Richard Todd is a novelist, screenwriter, and President at The Editor’s Desk. Plus a few other things that get lost in the clutter. Visit him online at www.richard-todd.com.

 


President John

July 28, 2014

Hey folks!

I’ve written a new short story which received some rave reviews from a literary group I belong to. So I thought I’d share it with my loyal followers here, before putting it out for the rest of the world to see.

It’s called President John, and it concerns a young boy being bullied at school. Please give it a read and leave your comments here or at the bottom of the page.

Hope you like it!

Literally Yours,

RST

If you’re a writer, write. And if you’re a reader, keep reading. We need you!

Author Richard S. Todd

Richard Todd is a novelist, screenwriter, and President at The Editor’s Desk. Plus a few other things that get lost in the clutter. Visit him online at www.richard-todd.com.


Be Diligent when Choosing a Translation Service

July 17, 2014

Translation Services,TranslationOnline translation tools are fun. But they can’t take the place of professional translation services.

We’ve all played with translation tools such as Google Translate and Bing Translator. They’re great for translating simple phrases, such as “how are you?”, that basically mean the same thing across most languages.

But when it comes to communicating important messages to a foreign-language audience, the overall meaning of similarly simple phrases can get lost when using the same technology.

Consider the common English phrase, “I’m going to catch a bus.” Most people in the English-speaking world who use public transit are familiar with what this means.

But you can’t always translate that literally. In French, for example, there are many verbs that might apply. Choose the wrong one, and your French readers might get confused. How can one actually “catch a bus”?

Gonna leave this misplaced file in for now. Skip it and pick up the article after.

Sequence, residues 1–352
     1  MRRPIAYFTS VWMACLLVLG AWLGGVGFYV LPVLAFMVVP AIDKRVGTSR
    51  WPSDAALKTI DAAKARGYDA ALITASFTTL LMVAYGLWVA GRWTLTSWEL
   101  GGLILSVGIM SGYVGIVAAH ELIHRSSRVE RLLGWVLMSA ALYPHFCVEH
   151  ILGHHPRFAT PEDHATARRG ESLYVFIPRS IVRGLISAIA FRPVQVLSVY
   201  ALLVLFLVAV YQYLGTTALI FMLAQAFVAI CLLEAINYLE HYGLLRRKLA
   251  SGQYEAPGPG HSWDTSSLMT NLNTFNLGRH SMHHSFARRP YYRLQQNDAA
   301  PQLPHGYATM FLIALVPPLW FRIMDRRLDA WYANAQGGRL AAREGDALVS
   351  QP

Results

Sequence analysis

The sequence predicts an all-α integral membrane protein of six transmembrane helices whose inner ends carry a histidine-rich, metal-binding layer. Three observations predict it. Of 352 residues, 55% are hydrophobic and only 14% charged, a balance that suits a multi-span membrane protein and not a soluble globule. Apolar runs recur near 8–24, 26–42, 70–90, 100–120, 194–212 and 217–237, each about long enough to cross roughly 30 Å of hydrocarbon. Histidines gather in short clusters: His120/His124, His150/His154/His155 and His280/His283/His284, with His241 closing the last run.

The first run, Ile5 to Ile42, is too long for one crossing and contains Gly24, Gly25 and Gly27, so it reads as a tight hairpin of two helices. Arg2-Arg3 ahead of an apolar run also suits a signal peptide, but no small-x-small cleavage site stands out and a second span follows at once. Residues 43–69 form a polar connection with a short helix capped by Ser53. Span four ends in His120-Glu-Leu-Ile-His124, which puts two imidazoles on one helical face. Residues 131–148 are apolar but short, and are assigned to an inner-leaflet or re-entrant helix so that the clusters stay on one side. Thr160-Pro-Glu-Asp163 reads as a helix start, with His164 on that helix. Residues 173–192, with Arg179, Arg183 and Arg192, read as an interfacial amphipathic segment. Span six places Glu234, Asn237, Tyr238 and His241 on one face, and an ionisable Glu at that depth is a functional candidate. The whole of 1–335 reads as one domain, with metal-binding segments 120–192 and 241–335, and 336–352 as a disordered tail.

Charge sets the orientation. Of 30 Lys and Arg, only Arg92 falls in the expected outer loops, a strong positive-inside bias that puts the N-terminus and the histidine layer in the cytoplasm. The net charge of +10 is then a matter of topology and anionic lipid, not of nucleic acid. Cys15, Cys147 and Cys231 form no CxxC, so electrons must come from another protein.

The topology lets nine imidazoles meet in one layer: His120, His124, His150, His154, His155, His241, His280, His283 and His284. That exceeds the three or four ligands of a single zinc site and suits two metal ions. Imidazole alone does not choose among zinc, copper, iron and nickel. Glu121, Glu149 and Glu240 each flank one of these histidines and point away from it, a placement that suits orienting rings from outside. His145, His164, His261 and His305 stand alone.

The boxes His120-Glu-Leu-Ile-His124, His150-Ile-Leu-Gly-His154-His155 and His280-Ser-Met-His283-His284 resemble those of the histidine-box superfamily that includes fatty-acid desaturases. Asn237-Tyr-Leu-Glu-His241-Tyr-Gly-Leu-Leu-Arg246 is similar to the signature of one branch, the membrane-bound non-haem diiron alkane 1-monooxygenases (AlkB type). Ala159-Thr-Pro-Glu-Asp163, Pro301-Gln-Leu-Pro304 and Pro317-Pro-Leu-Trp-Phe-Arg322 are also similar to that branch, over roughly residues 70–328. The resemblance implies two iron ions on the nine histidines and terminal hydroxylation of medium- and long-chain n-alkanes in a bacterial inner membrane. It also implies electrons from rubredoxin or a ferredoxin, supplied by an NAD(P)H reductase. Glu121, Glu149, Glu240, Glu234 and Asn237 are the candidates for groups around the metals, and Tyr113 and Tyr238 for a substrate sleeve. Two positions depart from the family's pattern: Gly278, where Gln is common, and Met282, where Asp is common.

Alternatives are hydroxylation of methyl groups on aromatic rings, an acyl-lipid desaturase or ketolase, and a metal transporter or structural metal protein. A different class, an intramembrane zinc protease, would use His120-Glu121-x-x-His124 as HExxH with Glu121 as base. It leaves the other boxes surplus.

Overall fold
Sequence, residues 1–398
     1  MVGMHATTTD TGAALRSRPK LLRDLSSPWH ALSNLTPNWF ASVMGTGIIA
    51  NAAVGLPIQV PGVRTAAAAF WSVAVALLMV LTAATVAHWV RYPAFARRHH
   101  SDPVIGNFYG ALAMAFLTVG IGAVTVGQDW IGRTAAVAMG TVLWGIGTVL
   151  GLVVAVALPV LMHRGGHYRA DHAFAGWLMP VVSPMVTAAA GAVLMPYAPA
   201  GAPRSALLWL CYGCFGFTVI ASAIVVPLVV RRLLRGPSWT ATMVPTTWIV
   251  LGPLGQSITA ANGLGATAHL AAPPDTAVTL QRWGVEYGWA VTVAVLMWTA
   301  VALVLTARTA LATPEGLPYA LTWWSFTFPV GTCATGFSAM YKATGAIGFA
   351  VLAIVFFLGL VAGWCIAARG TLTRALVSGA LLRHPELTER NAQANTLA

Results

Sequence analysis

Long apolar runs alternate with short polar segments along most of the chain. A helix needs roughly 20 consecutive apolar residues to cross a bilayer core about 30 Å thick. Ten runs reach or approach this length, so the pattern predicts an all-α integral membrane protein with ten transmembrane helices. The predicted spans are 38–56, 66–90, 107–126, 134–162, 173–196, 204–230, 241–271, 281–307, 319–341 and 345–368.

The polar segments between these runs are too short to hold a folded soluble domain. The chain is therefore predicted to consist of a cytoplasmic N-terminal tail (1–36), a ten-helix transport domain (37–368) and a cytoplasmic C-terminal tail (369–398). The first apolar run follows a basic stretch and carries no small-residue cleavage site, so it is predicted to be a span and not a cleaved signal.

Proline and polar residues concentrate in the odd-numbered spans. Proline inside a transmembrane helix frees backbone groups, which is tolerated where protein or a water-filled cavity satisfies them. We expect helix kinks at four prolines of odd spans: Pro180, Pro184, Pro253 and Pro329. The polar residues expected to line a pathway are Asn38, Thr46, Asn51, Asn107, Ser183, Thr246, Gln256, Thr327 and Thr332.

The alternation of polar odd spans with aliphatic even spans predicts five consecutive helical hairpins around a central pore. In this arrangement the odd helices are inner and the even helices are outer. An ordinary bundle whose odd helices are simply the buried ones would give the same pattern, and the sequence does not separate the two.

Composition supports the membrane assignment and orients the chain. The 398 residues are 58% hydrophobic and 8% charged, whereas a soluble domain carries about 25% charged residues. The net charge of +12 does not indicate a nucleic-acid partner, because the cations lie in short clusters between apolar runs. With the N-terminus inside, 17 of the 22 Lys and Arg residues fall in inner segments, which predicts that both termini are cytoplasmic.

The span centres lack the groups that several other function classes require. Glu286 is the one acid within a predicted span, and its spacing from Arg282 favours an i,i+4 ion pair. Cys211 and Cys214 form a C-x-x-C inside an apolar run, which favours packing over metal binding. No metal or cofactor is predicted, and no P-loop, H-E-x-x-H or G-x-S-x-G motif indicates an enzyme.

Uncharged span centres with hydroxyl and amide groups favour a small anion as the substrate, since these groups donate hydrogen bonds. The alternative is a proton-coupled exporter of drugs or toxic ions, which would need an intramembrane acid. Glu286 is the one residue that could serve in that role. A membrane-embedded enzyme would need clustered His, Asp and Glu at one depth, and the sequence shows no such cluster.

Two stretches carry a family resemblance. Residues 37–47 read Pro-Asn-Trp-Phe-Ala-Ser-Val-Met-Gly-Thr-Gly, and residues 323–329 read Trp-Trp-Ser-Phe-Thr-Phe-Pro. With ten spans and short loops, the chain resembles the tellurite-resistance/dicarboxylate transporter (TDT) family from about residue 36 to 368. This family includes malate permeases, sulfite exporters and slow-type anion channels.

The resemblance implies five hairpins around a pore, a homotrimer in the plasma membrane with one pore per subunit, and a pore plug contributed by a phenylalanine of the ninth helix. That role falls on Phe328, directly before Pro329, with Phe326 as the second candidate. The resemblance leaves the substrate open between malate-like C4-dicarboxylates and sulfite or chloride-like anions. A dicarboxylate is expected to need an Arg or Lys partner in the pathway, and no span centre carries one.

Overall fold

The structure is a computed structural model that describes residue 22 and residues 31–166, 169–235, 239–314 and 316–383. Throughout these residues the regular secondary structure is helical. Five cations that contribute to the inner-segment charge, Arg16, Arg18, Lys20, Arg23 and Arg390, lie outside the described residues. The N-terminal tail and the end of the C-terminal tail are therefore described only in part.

Translating the same phrase to Mandarin can cause the same issue. In Mandarin, the correct phrase translated to English reads, “I am going to follow the bus.”

This might sound strange to Western ears, but it’s completely understandable to those fluent in that language.

Have you ever used the Bing-powered translation tool on Facebook? I find myself still mystified as to the meaning of the foreign-language post after seeing the English “translation”.

Clearly, a lot of work went into these tools, but they can’t be relied upon for overall credible translation.

Using a freelancer might work, but if you’re not fluent in the language, how will you proof the work?

I heard a story where a marketing piece was translated from Japanese to Chinese, using traditional script. The piece almost went to press, but the client caught two lines of Japanese still in the copy just in time.

Can you imagine the fallout had the client not been familiar with the difference in script, and the piece had gone out as is?

Thousands of dollars wasted. Reputation? Gone.

So unless you want to take a Berlitz course to learn your target language,  you should consider hiring a reputable translation company that offers at least three levels of translation and proofing.

It’s an expensive undertaking, but poor translation can result in long-term costs that no business wants.

If you’re a writer, write. And if you’re a reader, keep reading. We need you!

Author Richard S. Todd

Richard Todd is a novelist, screenwriter, and President at The Editor’s Desk. Plus a few other things that get lost in the clutter. Visit him online at www.richard-todd.com.


The Evolution of Frankenstein

July 9, 2014

Hey everyone!

My latest speech is called “The Evolution of Frankenstein”, in which I discuss the book’s overall themes and how they translated into film.

Have a watch. Hope you like it!

See you out there…

If you’re a writer, write. And if you’re a reader, keep reading. We need you!

Author Richard S. Todd

Richard Todd is a novelist, screenwriter, and President at The Editor’s Desk. Plus a few other things that get lost in the clutter. Visit him online at www.richard-todd.com.


Corporate Storytelling

July 2, 2014

 corporate storytelling,copyediting,The Editor's Desk,business copy“Content…is an important component of sales and marketing in a company.” – Flavian DeLima, Corporate Storyteller

This week, copywriter Flavian DeLima explains to The Inside View why corporate storytelling is an important part of any business’ overall marketing strategy.